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Stanford rector reflects on time with residents

| Monday, September 4, 2017

With a diverse repertoire of previous addresses including locations such as Texas and Iraq, Justin McDevitt now calls Stanford Hall home.

McDevitt, the current rector of Stanford Hall, is starting his second year in the dorm. Hailing from Conroe, Texas, McDevitt went to college at the University of Houston and law school at the University of Loyola Chicago. He came to Notre Dame to pursue a Ph.D in political science, when he suddenly discovered a different passion, he said.

“I had been TA-ing and I co-taught a course, and I was about to enter into the period when I needed to stop teaching and just hide in the library for a year and a half for my dissertation,” McDevitt said. “I decided that that wasn’t my passion. My passion was to work with students.”

McDevitt said he came to this realization with the help of Fr. Sean McGraw, political science professor and the co-founder of the Alliance for Catholic Education (ACE). McGraw brought up the possibility of McDevitt becoming a rector, which at the time McDevitt knew nothing about. However, once he heard the description, he said, he was sold.

“The first year was great,” McDevitt said. “I’m kind of spoiled — we had an incredible rector before, and so the hall was in great shape. He was just a very well-respected guy.”

McDevitt said his first year was a great year for Stanford. The hall claimed two titles: interhall football champions and Hall of the Year.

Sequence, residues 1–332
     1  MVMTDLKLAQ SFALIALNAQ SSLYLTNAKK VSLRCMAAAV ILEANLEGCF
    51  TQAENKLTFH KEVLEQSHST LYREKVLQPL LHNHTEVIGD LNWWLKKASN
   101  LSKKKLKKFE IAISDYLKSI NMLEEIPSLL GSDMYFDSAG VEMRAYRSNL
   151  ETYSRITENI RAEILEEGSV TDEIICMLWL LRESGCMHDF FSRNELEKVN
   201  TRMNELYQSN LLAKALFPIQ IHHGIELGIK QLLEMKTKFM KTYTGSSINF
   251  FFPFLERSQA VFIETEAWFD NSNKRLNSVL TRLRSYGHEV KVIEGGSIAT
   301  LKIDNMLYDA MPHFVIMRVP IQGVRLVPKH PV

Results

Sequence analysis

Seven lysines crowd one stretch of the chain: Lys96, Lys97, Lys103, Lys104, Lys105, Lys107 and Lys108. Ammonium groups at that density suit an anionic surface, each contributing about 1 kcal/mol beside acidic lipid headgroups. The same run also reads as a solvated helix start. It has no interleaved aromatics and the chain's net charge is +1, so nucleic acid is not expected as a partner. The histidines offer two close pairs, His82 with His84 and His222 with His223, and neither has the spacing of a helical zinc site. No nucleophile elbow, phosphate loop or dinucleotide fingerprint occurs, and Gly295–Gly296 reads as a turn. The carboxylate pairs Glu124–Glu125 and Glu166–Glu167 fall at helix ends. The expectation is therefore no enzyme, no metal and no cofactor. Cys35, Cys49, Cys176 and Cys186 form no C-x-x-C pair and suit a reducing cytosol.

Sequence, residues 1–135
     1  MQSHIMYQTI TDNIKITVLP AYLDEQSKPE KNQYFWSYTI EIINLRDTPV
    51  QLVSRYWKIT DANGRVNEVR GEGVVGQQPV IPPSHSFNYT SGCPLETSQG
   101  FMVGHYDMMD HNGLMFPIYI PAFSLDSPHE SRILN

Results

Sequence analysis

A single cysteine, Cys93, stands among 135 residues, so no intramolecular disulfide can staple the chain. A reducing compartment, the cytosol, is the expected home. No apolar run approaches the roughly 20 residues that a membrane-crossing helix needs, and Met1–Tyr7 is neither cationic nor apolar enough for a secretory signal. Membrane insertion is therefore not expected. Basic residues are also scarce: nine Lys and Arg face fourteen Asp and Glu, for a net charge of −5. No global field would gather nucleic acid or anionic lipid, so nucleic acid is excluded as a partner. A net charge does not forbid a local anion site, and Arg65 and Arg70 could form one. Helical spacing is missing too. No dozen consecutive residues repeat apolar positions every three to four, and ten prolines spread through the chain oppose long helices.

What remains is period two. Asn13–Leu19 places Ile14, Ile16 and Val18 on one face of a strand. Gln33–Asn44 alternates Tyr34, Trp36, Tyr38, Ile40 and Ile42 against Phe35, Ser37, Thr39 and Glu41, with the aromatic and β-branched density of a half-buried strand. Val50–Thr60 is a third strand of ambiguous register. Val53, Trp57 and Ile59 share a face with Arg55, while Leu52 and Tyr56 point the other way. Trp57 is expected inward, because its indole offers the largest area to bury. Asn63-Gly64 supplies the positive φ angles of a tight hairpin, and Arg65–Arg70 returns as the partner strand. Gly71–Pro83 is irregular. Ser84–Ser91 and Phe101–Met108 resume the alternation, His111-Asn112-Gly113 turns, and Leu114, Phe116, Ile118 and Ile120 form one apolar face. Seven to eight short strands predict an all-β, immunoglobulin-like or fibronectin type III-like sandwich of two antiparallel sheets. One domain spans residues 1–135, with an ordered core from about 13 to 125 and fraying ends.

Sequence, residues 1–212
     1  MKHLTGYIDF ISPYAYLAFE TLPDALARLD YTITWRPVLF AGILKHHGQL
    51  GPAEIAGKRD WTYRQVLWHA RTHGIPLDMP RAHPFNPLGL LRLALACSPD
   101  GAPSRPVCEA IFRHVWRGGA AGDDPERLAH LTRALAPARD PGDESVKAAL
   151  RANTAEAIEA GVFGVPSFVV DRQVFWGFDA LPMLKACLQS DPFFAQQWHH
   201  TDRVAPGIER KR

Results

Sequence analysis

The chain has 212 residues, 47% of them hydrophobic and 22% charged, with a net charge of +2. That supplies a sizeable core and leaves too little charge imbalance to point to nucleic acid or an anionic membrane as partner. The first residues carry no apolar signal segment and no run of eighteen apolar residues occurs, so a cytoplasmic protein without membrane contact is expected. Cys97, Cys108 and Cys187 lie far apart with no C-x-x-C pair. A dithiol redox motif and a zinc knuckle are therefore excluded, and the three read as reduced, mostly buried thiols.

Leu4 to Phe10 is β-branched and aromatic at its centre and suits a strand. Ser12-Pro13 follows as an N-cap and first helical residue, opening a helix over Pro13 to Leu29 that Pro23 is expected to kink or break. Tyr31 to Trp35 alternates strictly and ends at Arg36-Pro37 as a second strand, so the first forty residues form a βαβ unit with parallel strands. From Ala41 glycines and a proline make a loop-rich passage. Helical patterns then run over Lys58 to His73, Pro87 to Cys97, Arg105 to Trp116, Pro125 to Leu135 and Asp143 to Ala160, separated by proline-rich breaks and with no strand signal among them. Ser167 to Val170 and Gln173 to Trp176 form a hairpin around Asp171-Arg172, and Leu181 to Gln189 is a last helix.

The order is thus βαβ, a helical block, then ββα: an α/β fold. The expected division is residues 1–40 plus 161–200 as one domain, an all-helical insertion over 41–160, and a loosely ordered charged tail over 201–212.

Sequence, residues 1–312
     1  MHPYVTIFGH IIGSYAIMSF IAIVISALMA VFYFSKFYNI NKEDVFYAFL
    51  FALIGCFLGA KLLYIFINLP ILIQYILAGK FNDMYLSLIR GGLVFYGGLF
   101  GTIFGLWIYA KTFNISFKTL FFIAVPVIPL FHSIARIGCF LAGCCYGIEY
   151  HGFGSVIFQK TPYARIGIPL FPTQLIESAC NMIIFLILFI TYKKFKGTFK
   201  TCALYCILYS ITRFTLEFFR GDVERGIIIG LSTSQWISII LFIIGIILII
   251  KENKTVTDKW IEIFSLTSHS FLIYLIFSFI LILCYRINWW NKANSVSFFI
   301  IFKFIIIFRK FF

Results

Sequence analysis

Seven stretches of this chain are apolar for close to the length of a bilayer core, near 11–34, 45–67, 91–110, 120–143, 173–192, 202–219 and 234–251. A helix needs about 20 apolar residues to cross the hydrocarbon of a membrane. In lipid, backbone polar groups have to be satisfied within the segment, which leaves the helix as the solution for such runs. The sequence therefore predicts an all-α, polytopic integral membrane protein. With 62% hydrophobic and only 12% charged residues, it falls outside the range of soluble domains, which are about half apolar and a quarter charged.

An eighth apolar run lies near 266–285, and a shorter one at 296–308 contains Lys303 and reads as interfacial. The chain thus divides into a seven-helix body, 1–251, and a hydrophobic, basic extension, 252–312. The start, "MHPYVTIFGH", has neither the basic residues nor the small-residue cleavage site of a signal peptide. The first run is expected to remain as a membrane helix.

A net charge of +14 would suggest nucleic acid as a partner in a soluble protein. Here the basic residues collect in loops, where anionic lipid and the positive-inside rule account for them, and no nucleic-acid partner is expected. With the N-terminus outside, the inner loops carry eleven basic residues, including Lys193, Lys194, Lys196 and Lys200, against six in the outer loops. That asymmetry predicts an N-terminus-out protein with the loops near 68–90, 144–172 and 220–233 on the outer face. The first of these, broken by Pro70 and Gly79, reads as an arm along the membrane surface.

“When we won Hall of the Year there were 150 guys in the back waiting for us,” he said. “It was really a triumphant, really special moment.”

Before becoming a rector, McDevitt completed years of higher education and worked as a cost analyst for a government contractor at their headquarters in Baghdad. However, he said, he feels like he has finally found the perfect job fit.

“My first day as rector, a first-year from the Middle East asked me to help him do his laundry, and I realized that I went from teaching political parties to teaching kids how to do laundry — and I was fine with that,” he said. “I am teaching. I’m teaching life instead of political science.”

McDevitt is excited to bring the role of a rector to the forefront, he said, and show that it is a crucial role where someone is dedicating their lives to students. McDevitt said he believes he likes this aspect so much because of the people that have surrounded him during his life.

“I’ve had so many great people in my life, and if I look back on my own experiences the parts where I learned the most were kind of everyday life experiences,” he said. “I learned a lot of important things in the classroom, but really so much of life happens outside the classroom. For a lot of these guys the rector is the teacher for the rest of the time. Rather than having students for three hours a week, I have them for everything but three hours a week.”

McDevitt said after years of study and work he finally feels like he is at a point where he is confident and passionate about what he is doing.

“I feel like after 24 years of higher education, I’ve been to at least two countries on every continent, this is where I’m home,” he said.

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About Selena Ponio

Selena Ponio is from Dallas, Texas and is currently a senior at the University of Notre Dame. She is the Associate News Editor for The Observer. Selena lives in Breen-Phillips hall and is majoring in International Economics with a concentration in Spanish and is minoring in Journalism, Ethics & Democracy.

Contact Selena